Renovating and giving thought to what’s the best option when it comes to floor coverings? In her article this month BERNADETTE JANSON, Director of The School of Renovating discusses adding value to property with timber flooring and explains the various options available.

Timber is the most popular floor finish. If you are planning to install a new timber floor the choice of products is endless.

In this article I will attempt to make sense of the options.

Solid Timber Flooring

If you have existing timber floors, you have hit the jackpot. Sanding and sealing will set you back about $30/m2 and they look beautiful.

These days we tend to go for a low sheen, almost matte finish to show off the timber’s natural qualities.

If the timber is in poor condition with damage and or patches, Japan black covers a multitude of sins.

The only negative with solid timber floors is they are expensive if they are laid new and the sanding and sealing process is a messy business requiring them to be free of traffic for a minimum of 3 days.

Floating Floors

Floating floors are a timber veneer on a plywood or MDF substrate.

The big advantage is that they come pre-finished so there is no sanding and sealing required at installation.

They are generally laid over acoustic insulation.

When selecting a floating floor the best advice I can give you is to go for a wide board (it’s more luxurious). 

Also select a product that is configured in long board.  The short boards and panel configurations tend to look fake.

Floating floors generally come in two types, Engineered and Laminate.

Laminate Flooring is the cheaper option as the timber veneer because it is not timber in the true sense of the word. The wood grain is a photographic print but the manufacturers are so clever these days, it is almost impossible to tell the difference. A laminate is a good choice for a low budget renovation. Make sure you choose the right board configuration and a minimum thickness of 12mm.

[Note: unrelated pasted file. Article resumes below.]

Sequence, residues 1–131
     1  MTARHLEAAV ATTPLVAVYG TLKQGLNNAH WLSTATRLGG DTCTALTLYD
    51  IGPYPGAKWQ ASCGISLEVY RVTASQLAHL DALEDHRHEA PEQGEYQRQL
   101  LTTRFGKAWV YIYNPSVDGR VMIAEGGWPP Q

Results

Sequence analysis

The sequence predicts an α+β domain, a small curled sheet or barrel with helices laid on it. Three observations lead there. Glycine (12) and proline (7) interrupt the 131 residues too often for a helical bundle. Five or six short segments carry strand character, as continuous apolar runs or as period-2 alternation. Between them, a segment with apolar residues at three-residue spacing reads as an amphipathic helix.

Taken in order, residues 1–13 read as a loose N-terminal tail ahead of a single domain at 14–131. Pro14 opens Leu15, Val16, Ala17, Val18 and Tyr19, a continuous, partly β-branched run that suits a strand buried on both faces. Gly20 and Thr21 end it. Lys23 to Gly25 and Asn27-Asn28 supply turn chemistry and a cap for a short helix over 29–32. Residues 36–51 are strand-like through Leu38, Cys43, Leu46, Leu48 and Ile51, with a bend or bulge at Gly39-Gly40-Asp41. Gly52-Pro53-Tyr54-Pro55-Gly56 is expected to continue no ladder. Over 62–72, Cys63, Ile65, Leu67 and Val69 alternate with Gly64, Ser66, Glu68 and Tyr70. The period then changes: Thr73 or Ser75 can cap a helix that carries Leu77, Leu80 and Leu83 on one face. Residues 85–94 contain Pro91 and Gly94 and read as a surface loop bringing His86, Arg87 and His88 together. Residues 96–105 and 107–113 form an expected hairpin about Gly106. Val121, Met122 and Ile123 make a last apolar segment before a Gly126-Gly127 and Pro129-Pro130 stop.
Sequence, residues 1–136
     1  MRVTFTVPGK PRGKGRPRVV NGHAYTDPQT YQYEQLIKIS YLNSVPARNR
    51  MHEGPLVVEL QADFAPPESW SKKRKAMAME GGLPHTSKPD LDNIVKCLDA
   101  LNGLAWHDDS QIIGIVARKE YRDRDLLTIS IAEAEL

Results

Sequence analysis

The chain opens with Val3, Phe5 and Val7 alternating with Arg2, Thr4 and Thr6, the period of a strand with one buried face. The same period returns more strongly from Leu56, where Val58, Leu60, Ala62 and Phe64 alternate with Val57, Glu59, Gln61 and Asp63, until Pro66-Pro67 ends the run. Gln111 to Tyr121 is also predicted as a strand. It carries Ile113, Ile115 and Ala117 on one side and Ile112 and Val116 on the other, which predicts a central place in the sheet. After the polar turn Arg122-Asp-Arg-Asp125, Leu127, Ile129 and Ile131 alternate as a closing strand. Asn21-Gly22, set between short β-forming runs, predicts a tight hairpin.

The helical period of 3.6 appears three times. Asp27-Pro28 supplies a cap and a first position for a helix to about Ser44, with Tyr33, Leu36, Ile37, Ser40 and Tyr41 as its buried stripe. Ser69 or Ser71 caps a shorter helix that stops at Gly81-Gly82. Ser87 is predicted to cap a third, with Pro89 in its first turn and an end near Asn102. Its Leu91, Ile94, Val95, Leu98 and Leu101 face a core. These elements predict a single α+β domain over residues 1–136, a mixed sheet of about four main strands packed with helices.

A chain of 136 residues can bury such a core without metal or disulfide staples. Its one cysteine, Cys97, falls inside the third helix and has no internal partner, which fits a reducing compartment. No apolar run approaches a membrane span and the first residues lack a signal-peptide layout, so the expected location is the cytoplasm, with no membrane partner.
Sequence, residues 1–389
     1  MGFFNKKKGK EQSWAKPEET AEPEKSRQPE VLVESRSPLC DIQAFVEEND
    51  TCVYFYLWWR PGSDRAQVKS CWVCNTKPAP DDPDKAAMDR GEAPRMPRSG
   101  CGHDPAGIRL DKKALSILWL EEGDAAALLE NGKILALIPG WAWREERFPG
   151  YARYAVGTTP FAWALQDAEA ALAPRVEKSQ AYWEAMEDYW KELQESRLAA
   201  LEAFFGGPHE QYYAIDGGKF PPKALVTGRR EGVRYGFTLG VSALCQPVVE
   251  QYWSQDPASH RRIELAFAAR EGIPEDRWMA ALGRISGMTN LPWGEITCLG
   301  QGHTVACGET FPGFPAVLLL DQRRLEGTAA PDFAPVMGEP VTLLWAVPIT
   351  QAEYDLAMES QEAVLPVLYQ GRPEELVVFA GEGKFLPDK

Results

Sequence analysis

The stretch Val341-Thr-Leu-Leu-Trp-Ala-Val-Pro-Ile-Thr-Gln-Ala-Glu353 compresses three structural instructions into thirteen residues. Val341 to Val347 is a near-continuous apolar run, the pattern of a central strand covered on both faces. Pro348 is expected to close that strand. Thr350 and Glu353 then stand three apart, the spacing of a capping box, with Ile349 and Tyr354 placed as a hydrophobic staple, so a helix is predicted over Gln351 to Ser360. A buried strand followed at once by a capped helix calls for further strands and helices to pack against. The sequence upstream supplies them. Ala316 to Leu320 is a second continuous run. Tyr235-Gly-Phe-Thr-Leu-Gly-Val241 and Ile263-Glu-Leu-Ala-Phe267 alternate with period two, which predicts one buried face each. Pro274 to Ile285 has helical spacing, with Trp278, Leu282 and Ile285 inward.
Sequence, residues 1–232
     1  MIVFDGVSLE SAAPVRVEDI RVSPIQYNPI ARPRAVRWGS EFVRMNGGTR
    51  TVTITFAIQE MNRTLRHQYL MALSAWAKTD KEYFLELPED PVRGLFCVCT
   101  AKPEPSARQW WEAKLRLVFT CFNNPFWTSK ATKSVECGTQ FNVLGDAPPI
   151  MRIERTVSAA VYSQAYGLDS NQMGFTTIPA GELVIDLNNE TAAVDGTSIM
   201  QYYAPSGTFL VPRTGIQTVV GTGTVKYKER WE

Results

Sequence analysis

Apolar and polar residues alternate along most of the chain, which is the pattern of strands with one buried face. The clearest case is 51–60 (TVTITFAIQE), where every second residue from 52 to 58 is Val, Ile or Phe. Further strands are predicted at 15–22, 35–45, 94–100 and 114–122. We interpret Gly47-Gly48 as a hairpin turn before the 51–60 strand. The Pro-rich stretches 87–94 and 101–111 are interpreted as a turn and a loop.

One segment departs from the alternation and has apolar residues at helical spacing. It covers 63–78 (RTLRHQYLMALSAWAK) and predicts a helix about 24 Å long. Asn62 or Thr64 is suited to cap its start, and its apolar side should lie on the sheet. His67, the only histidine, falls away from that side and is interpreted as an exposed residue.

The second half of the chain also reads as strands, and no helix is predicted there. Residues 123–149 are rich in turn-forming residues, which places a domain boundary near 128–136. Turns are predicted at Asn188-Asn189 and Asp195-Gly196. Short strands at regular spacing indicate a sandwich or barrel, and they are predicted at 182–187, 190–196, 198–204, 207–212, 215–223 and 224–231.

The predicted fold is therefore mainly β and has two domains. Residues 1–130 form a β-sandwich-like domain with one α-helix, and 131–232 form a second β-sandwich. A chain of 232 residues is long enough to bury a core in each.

Engineered Flooring is a far superior and more expensive product as it has a veneer of 3-4mm of timber. This means that the product can be refinished down the track when it begins to wear. Of course you get a limited number of times you can refinish. I stopped installing solid floors when I realised that almost no-one could tell the difference between solid and engineered flooring.

Vinyl Timber Planks deserve a mention, especially for investment properties. They too look remarkably like real timber.  Generally, they are on par with laminate cost-wise but the big advantage is that if a plank gets scratched as a fridge gets dragged across the floor, it is easy to pull up that plank and replace it. The thing you need to be careful of is that they can be prone to fading if exposed to direct sunlight.  

Wrapping Up

As you can see, it doesn’t matter what your budget is, there is a timber floor option for every application.

You can download our Timber Flooring Checklist here

Bernadette Janson is a serial renovator and the founder of the School Of Renovating. She is also a renovation mentor, published author and host of the popular podcast She Renovates.

 

Safe to say she lives and breathes renovating! She successfully harnessed her passion for creating beautiful homes to replace her nursing income. It has enabled her stay at home to raise her children, fund family holidays and weddings, give her young adult children a start in their property journey and fund her retirement.

 

Bernadette helps passionate renovators and property lovers to profit from their passion and replace their income either now or on retirement.

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